Adding Herceptin to standard treatment in women with HER2-positive breast cancer, significantly increases survival and curbs the chances of relapse once therapy stops, finds a Cochrane systematic review.
About a fifth of women diagnosed with early breast cancer have HER2-positive tumours that, if untreated, are associated with a worse outlook than HER2-negative tumours. But women given Herceptin have a higher risk of experiencing problems with their heart.
The researchers base their findings on data from eight trials involving just under 12,000 women with HER2-positive operable breast cancer. These women had either been assigned randomly Herceptin or not, in addition to other treatments. Women were monitored for an average of three years.
Deaths from breast cancer fell by a third, but the risk of heart toxicity went up fivefold for women in the Herceptin group.
If 1000 women were given standard therapy with no Herceptin then after three years about 900 would survive, but if 1000 women were treated with standard chemotherapy and Herceptin for one year, about 933 would survive, say the authors.
The researchers conclude that in women at higher risk of recurrence and with no signs of a weak heart, the pros of Herceptin outweigh the cons.
Meanwhile another systematic review shows that preoperative statin treatment can reduce the chances of postoperative atrial fibrillation and shortens hospital stay among cardiac surgery patients.
But this approach had no influence on the overall risk of death, or stroke, heart attack, or kidney failure around the time of the operation, the review shows.
The research team analysed data from 11 randomised controlled trials, involving 984 patients undergoing different forms of heart surgery.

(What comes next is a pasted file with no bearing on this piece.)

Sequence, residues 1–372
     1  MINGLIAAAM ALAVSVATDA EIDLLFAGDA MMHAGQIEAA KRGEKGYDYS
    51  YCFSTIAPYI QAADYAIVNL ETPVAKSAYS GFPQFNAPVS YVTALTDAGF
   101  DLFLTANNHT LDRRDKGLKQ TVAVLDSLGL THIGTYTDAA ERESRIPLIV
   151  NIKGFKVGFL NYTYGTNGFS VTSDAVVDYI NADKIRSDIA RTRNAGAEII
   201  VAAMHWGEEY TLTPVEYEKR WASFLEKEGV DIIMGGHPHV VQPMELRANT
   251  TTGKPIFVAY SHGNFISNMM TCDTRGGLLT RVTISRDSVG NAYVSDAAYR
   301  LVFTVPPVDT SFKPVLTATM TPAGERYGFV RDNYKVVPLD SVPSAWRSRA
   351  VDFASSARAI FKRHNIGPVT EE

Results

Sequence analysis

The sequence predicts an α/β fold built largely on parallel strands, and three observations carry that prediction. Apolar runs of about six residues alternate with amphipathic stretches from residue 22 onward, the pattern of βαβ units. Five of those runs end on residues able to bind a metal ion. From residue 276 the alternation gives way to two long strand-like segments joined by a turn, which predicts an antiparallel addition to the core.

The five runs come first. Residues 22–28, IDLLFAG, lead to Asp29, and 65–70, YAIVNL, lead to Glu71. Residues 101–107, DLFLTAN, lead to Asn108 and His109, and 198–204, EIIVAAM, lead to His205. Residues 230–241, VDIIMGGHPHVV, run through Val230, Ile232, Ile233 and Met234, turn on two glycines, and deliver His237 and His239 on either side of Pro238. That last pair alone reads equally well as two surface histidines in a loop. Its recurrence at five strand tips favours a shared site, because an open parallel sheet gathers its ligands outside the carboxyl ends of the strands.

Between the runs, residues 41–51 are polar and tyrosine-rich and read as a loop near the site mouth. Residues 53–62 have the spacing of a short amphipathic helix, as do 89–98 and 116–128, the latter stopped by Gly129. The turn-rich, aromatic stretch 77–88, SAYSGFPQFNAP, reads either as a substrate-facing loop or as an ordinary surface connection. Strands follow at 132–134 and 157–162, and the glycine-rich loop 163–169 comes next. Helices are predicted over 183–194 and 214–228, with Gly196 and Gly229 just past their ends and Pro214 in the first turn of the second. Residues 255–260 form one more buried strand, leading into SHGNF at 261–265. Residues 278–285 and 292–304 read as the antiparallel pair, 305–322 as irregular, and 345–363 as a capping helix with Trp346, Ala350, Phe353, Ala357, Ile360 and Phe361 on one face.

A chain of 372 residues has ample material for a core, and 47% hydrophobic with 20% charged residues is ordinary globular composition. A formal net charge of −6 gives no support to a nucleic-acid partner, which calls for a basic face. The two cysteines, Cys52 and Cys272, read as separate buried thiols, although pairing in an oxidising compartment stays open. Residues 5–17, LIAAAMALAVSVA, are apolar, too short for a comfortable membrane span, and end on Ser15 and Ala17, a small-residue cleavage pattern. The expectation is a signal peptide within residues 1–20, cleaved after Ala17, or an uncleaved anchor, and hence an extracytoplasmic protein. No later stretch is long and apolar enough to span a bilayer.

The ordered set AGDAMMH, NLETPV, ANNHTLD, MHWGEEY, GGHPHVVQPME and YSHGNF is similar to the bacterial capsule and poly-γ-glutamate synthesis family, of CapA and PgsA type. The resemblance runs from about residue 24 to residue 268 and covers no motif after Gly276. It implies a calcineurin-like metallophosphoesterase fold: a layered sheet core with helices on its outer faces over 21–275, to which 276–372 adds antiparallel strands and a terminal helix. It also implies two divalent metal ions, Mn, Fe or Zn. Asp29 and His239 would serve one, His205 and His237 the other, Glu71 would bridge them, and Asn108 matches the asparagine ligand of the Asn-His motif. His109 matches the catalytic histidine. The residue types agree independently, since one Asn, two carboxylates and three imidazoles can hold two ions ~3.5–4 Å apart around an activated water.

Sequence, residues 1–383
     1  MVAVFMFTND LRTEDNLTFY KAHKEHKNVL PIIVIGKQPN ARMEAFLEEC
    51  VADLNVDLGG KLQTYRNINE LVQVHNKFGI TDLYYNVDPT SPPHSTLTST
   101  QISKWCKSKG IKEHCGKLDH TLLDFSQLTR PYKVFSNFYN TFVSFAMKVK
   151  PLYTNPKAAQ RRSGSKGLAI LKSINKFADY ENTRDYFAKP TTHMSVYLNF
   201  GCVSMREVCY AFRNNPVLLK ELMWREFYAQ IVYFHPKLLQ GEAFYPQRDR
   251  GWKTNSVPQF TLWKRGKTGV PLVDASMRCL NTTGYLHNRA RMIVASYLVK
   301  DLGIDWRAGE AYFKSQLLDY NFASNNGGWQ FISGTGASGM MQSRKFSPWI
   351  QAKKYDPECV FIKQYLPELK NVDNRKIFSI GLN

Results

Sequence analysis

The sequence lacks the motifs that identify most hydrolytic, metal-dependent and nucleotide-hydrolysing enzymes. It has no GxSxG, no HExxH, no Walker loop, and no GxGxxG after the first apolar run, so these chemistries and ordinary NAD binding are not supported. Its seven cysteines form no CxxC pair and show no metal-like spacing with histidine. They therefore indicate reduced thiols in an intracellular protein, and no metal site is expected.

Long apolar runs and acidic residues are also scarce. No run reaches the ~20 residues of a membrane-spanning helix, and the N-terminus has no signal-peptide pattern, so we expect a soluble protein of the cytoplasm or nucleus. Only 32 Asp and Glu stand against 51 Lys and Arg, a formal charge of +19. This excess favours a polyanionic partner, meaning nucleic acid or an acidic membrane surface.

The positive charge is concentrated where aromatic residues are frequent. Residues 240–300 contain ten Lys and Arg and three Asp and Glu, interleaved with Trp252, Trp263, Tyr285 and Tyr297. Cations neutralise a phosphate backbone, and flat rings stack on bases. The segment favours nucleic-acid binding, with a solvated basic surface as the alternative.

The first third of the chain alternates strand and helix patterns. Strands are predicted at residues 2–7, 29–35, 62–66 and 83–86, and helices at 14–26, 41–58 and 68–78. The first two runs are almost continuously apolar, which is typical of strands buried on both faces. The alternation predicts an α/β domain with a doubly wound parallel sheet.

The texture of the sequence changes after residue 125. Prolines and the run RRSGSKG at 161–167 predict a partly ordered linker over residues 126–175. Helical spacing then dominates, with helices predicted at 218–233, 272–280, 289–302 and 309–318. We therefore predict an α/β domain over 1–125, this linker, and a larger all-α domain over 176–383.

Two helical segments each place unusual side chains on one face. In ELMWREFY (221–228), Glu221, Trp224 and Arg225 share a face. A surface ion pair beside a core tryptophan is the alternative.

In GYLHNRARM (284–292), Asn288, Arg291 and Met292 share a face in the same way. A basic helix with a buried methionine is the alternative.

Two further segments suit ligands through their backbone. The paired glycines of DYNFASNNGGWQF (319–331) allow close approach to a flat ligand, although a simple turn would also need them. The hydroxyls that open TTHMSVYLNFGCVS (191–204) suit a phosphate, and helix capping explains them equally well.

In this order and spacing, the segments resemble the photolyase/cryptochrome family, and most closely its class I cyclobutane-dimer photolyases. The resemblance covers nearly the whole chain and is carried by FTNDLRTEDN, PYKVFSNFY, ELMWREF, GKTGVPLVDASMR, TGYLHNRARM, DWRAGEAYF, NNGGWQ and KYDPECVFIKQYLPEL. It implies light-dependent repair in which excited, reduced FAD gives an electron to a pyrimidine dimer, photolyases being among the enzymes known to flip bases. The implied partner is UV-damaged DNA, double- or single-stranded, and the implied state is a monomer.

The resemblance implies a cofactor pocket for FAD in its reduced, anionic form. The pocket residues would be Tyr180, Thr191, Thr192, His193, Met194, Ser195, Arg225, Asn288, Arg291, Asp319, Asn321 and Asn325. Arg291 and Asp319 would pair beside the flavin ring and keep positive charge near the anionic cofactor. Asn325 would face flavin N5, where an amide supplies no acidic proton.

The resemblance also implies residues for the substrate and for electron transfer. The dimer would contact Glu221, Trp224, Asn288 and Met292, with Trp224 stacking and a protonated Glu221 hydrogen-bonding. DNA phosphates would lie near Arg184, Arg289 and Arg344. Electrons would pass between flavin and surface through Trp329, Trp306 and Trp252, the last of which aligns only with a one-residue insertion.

They found that giving statins before surgery reduced the incidence of postoperative atrial fibrillation, compared with those who did not take these drugs.
They also discovered that patients who had statins before the operation tended to leave intensive care about three and a half hours earlier, and left hospital about half a day earlier.
But there was no significant reduction in the proportion of people who subsequently had a heart attack or kidney failure. And statins had no effect on the number of people who died or had a stroke soon after their operation.
The researchers point to one limitation of their findings. “Since the data we analysed had come mainly from patients having coronary artery bypass operations, the results cannot be extrapolated to patients undergoing other cardiac procedures, such as heart valve or aortic surgery,” says lead researcher Oliver Liakopoulos, from the Department of Cardiothoracic Surgery at the University of Cologne’s Heart Centre.
Cochrane Database of Systematic Reviews 2012, Issue 4. Art.No.:CD006243. DOI: 10.1002/14651858.CD006243.pub2
Cochrane Database of Systematic Reviews 2012, Issue 4. Art. No.: CD008493. DOI: 10.1002/14651858.CD008493.pub2.